Real species

Robin Leech releech at TELUSPLANET.NET
Fri Apr 16 19:48:58 CDT 2004

Ron, Ken and others,

Way back when I first started taking university courses (in the middle of
the last Century!), the ecologists had a gazillion words to describe each
minutely different aspect of exploitation of a habitat or niche by one or
more species.  It was confusing, and all based on whether it was a moss, a
fish, a bird, or an insect. One had to become a certain kind of ecological
specialist with a battery of tems that had to be understood and memorized.
Thankfully, the ecologists realized the problem, sat down, and in due course
declared a whole bunch terms and definitions as synonyms.  They left us with
a smaller set of terms and definitions that all of could handle, not just
the ecologists.

Perhaps we taxonomists/systematists/phylogenists/molecularists/pheneticists/
and all the other "ists" should sit down to see if we cannot synonymize a
whole bunch of terms related to species concepts and reproduction.  Instead
of having verbal brawls and fights to retain a term because it seems to
describe a unique situation, pehaps we ought to look at all these terms to
see what they all have in common with one another.  Perhaps some are unique.
Those we keep.  Perhaps a whole bunch are but two ways of looking at the
same phenomenon.  Sink or synonymize a term or definition without emotion.

I wonder what I am a subspecies of?  Has my species ever been found?  I
wonder what my roots are?

Robin Leech

----- Original Message -----
From: "Ron Gatrelle" <gatrelle at TILS-TTR.ORG>
Sent: Friday, April 16, 2004 6:14 PM
Subject: Re: Real species

> ----- Original Message -----
> From: Bob Mesibov
> Sent: Friday, April 16, 2004 7:10 PM
> Subject: Re: Real species
> Ken Kinman wrote:
> "When I look out the window at a robin, there is no doubt in my mind that
> is
> a real species, and that this robin is going to mate with another robin."
> A lot is happening in Ken's mind here, but it's good he's given us a
> concrete
> example. We see an individual robin and accept that it's real (and a
> realistically separable bit of the continuum of existence) . If we watch
> long
> enough we'll see it mate with another robin. The realities we're dealing
> with
> are individuals and their breeding networks. Beyond those realities we're
> hypothesising. We do it energetically and fervently, but we're still just
> hypothesising.
> ***********
> I can't take it any longer --- I barely have the time to read these posts
> let alone get into the middle of this discussion.   When looking for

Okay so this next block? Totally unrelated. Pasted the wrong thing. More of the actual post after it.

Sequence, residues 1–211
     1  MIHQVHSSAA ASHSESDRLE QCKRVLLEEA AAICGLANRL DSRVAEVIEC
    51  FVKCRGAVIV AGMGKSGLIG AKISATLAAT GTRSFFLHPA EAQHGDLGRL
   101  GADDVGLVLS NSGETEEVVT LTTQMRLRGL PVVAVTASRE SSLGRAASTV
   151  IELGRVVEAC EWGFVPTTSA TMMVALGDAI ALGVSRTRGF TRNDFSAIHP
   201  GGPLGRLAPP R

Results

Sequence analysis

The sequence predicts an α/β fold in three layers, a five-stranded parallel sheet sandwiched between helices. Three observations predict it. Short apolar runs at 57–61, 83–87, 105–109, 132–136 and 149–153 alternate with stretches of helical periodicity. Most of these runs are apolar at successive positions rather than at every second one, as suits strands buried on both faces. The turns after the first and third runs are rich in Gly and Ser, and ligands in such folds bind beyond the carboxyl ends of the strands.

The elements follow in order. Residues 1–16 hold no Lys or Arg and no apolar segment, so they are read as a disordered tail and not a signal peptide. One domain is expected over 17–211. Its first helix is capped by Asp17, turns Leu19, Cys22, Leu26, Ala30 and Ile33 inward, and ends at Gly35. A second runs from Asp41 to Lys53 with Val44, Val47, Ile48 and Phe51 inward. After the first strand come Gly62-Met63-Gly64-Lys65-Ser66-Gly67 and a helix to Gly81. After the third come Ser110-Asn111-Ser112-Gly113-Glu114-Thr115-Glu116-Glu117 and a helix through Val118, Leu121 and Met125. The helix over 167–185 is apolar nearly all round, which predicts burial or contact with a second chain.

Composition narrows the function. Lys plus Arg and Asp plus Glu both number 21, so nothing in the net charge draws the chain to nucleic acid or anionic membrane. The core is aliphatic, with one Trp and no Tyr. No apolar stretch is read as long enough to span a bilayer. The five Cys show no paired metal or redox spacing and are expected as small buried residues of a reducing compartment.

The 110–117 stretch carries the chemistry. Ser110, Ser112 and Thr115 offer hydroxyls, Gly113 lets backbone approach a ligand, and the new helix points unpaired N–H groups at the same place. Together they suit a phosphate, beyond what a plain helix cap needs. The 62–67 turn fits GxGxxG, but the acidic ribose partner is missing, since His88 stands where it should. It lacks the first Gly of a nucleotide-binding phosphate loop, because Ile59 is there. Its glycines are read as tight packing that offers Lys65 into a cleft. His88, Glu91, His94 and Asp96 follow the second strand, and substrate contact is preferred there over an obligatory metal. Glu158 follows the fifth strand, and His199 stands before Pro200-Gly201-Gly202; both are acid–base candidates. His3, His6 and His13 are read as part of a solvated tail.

> reality, the living observable individual is IT - it stands to reason
> that the farther one moves spatially (tectonic drift), temporally (50
> million years), and quantitatively (all Quercus) the more subjective the
> what-really-is-this will become.   Thus, subspecies are the most real
> organic groups in nature - not species and surely not genera.  There is
> a bell curve to biological / evolutional "reality" in time and space.
> middle is the least clear as it relates to both ends.  Each end only
> to its nearest neighbor.
> I define a subspecies as:  Any regional population of a species that has
> evolved into a unique reproductively stable component of that species.
> Unfortunately re this thread,  I use the word species.  So forget that
> word - it is a detractor in this case.
> I see several issues not the least of which is if one is looking for past
> phylogenetic connectivity or present - even future - evolutional states.
> Perhaps this is an intrinsic problem of systematics vs. taxonomy.
> being more focused on what is now in hand - reality - this is an X.
> the systematic concern is ancestry - linkage - boundaries.  ?????   Even
> antireality can't deny the Robbin in the front yard.  Or the local nesting
> pair of Cardinals.
> NO species are not real - which is why there are 20 some "concepts" of
> makes one such.  The parameteres of time and space (as was mentioned with
> circular speciation ) being _motion_ make it impossible.  We know we are
> talking about millions of years and when did what become what and change
> what.   So the only dogmatic reality I see is  - This IS a robbin.   This
> local or regional distinct group of X taxon IS  Aus wus gus.   My proof in
> my subspecies argument is simply that in Aus wus gus there may be many
> changes but ole' gus will still be the same - making it the most real
> zoological taxon as it is the next smallest measurable denominator about
> individual specimen.
> *Aus wus gus  (gus was described and put on the taxonomic, systematic, and
> regional maps)
> *Aus gus  (_someone_ considered it a full species_
> *Bus wus gus  (_somebody_  put it in another geuus)
> *Cusae  gusae  (Code forced gender change)
> *Gus gus gus  (ultimate human recognition :-)  But doesn't effect (and
> not change) one single thing of the living organism and its reality.
> You get the picture.  Looks like reality to me.  Of course the problem
> my view is that subspecies have been largely out of vogue for some time -
> not just too bad - but science's loss.   Hummm... too many more points and
> thoughts.  I got a lot more but have to split.
> Ron Gatrelle
> PS  I have often said... Species are not real, only subspecies are.  Why?
> Every species is but some other things (extinct or future) subspecies.
> give it enough time and space.

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